http://www.wired.com/2010/01/killer-micro-drone/
            Credo quia absurdum.


            Quantum mechanics describes nature as absurd from the point of view of common sense. And yet it fully agrees with experiment. So I hope you can accept nature as She is - absurd! - Richard Feynman

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            • #7
              Question for the pilots here, one reason I've seen given for the higher crash rates is a reduction in situational awareness on the part of the operators. No noise, vibration, etc. to augment the instruments. Does this seem valid to you?
              Any metaphor will tear if stretched over too much reality.

              Questions about our site? See the FAQ.

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              • #8
                Originally posted by Bwaha View Post
                Hence the argument against them. On one side they can be jammed/ or reprogrammed. Can't do that with a manned system. On the other side is the potential of loosing a aircrew. Above my paygrade.

                Just imagine what will happen when the bad guys start to reprogram them against our own troops. And that will happen...

                Better is a manned unit.
                That was the argument against smart ord presented during the 60s and early 70s.

                The truth is that since modern combat aircraft are so advanced
                that crews fire at blips on a screen or electronically-communicated GPS co-ords, so a sufficiently advanced hacker could just as easily dupe them.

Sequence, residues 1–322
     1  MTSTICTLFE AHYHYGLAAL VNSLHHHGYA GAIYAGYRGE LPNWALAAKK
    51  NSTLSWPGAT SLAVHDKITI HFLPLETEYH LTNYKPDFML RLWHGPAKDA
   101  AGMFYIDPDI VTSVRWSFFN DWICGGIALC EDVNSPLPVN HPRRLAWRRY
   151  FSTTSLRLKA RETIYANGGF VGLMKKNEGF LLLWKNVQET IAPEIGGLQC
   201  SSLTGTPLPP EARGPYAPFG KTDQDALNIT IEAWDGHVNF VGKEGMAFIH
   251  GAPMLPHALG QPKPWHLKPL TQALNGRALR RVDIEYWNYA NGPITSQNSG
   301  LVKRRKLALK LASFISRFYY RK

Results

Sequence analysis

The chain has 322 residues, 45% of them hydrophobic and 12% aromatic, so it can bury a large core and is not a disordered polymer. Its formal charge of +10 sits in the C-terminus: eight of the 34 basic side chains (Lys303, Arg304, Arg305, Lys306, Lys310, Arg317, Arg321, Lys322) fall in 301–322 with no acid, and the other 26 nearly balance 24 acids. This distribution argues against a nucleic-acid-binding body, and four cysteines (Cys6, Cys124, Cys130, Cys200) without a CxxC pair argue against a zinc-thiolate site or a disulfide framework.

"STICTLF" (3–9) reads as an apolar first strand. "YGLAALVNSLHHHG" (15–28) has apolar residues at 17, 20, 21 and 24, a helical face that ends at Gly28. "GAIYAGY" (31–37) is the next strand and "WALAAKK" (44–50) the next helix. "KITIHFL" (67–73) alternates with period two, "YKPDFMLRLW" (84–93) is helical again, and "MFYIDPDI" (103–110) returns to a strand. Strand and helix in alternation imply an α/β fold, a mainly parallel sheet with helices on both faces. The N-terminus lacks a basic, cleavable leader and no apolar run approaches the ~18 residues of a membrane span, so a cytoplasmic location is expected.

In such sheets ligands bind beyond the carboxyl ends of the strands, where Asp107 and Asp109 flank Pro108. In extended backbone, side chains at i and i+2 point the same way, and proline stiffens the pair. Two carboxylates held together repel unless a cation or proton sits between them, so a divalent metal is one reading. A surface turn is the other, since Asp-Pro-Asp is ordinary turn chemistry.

The only difference between a drone and a manned aircraft is the absence of risk to human crew and the cost. Remove the cockpit and life-sustaining and ejection systems, and you end up with a lighter, smaller, more fuel-efficient, and cheaper aircraft that can turn tighter than a manned craft.
                Any man can hold his place when the bands play and women throw flowers; it is when the enemy presses close and metal shears through the ranks that one can acertain which are soldiers, and which are not.

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                • #9
                  Originally posted by Bwaha View Post
                  Hence the argument against them. On one side they can be jammed/ or reprogrammed. Can't do that with a manned system. On the other side is the potential of loosing a aircrew. Above my paygrade.

                  Just imagine what will happen when the bad guys start to reprogram them against our own troops. And that will happen...

                  Better is a manned unit.
                  Jamming will be the weakness.
                  Politics is the art of looking for trouble, finding it everywhere, diagnosing it incorrectly and applying the wrong remedies.

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                  • #10
                    Originally posted by GCoyote View Post
                    Question for the pilots here, one reason I've seen given for the higher crash rates is a reduction in situational awareness on the part of the operators. No noise, vibration, etc. to augment the instruments. Does this seem valid to you?
                    Gary,

                    While the cues you mention are useful when flying a piloted aircraft, it appears that the current issue with the “drone” accident rate is the lack of system redundancy. A single generator on an aircraft that relies on data relays to provide flight control makes for a bad day when the generator fails.

                    Bob